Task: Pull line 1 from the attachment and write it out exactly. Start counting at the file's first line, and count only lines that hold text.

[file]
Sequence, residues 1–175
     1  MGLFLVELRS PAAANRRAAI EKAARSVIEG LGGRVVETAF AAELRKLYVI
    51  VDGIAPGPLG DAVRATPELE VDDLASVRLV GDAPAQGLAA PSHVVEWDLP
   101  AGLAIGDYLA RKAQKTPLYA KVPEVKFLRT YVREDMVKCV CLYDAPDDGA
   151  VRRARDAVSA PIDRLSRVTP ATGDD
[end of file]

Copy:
Sequence, residues 1–175